The original version of the bill was fiercely opposed by local government officials who warned it would lead to an avalanche of lawsuits when cities and counties pass noise ordinances, zoning rules or public safety measures aimed at regulating businesses the community considers dangerous or a nuisance. Faced with widespread opposition, Senate sponsors amended the bill, limiting when businesses may file lawsuits and providing options for the city or county to avoid paying damages by doing one of three things:

  • Repeal the offending ordinance.
  • Amend the ordinance in a way that removes the offending provision.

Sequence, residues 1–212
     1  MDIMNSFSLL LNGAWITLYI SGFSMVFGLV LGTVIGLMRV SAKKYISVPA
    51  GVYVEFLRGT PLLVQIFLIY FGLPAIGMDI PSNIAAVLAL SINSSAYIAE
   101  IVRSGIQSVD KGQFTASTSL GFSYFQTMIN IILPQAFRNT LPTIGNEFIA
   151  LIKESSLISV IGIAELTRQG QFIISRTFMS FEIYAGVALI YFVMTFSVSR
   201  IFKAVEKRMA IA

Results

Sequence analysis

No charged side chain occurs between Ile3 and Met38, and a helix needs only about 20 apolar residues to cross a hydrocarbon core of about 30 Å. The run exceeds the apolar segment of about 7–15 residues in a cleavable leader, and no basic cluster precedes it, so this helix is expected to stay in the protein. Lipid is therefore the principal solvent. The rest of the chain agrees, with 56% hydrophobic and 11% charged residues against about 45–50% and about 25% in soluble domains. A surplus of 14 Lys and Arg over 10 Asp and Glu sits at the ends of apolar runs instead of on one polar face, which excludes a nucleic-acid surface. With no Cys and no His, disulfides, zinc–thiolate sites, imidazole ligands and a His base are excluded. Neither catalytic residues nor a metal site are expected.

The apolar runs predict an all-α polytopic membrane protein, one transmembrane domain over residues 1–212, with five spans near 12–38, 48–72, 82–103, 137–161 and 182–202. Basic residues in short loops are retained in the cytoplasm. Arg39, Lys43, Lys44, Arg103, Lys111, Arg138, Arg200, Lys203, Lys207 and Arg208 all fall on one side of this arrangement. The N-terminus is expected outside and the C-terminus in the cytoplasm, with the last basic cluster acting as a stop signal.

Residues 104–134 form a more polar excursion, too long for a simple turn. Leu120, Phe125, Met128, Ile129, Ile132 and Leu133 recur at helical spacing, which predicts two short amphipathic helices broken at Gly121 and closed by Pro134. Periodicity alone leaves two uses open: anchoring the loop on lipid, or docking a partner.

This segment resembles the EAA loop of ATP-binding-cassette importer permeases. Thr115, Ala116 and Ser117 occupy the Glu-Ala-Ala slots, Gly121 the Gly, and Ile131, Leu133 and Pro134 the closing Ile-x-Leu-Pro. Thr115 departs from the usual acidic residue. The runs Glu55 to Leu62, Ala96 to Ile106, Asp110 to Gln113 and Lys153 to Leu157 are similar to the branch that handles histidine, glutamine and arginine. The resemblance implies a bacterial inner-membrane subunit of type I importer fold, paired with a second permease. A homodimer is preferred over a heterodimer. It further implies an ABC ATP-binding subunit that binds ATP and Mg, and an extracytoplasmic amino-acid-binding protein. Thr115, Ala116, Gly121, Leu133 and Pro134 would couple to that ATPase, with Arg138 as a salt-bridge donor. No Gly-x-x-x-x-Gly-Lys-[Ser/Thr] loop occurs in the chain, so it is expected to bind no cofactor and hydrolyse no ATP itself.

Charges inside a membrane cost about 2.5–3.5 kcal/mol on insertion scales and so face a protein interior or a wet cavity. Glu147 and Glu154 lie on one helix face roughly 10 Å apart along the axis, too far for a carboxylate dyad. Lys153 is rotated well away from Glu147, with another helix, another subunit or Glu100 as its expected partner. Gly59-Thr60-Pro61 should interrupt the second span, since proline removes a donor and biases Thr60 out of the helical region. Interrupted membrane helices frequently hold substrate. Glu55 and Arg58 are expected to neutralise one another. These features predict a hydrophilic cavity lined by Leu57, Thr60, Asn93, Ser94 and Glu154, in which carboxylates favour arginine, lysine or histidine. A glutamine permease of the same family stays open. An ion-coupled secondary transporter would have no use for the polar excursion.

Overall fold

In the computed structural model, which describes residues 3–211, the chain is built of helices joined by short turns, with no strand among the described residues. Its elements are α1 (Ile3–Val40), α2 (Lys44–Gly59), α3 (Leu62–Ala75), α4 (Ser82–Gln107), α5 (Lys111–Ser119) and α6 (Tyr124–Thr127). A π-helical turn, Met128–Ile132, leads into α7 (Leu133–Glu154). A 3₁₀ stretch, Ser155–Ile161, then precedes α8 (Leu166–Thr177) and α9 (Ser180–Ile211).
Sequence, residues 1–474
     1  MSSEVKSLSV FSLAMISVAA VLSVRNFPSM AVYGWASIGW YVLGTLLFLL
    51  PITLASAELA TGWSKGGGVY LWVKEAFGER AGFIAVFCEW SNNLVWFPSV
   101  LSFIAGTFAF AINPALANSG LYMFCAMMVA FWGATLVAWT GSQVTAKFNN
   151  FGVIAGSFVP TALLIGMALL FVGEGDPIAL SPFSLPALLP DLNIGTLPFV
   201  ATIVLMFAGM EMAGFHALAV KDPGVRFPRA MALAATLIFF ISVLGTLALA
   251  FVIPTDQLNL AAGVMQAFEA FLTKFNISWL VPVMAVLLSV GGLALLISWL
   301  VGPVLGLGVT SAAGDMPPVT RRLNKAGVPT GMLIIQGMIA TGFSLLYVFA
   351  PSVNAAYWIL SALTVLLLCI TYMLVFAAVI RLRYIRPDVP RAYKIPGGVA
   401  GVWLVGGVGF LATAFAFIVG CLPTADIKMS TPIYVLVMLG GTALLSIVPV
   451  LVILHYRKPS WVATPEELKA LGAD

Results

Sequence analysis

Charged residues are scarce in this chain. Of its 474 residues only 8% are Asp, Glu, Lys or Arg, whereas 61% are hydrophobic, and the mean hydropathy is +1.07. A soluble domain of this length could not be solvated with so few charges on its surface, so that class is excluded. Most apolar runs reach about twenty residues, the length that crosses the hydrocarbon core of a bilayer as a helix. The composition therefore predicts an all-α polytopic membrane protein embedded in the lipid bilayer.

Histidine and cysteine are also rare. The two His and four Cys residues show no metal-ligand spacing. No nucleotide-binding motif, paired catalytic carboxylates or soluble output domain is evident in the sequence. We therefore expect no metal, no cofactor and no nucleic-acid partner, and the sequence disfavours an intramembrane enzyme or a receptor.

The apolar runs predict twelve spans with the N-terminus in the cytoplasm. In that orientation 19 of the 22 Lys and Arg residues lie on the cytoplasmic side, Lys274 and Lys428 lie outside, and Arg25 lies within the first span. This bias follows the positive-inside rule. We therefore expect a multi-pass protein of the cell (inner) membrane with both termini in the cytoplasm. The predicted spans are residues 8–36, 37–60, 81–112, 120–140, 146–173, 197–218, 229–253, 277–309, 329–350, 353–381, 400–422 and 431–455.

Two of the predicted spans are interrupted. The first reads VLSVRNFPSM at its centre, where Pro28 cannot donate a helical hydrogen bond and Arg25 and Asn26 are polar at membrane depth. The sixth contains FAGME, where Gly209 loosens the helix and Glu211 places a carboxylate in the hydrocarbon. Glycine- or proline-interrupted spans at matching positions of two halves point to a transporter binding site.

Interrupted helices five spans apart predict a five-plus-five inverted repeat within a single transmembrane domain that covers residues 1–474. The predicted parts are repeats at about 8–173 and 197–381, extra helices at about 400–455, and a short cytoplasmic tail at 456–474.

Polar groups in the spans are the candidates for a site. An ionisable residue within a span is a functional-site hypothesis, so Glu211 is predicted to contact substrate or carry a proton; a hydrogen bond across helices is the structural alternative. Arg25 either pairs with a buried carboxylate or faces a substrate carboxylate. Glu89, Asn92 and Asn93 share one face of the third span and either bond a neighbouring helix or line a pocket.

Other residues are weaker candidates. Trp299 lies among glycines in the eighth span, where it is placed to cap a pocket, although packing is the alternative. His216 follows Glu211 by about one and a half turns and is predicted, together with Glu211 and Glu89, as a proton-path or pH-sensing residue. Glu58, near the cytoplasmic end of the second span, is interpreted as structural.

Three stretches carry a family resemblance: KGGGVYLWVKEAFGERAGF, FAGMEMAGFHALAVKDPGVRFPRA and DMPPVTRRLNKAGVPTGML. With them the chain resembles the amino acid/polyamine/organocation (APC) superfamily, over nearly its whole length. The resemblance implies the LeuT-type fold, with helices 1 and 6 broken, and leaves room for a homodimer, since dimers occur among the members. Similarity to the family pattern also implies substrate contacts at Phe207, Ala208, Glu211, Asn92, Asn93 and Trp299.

• Grant the business a hardship waiver, which would be determined by the local government.

After the change, the Florida League of Cities, which had opposed the original bill, announced it was neutral.

The House passed the bill 69-45 and it will be sent to the governor. Six House Republicans joined most of the House Democrats to oppose the bill. Those Republicans were Reps. Thad Altman of Indialantic, Melony Bell of Fort Meade, Sam Killebrew of Winter Haven, Patt Maney of Shalimar, Jim Mooney of Islamorada, and David Smith of Winter Springs. Rep. Anika Omphroy, D-Lauderdale Lakes, voted for the bill.

The House is awaiting final passage of a related piece of legislation, SB 280, that will require local governments to do an economic impact statement for ordinances before they adopt them and give any resulting legal challenge a fast-track priority in court.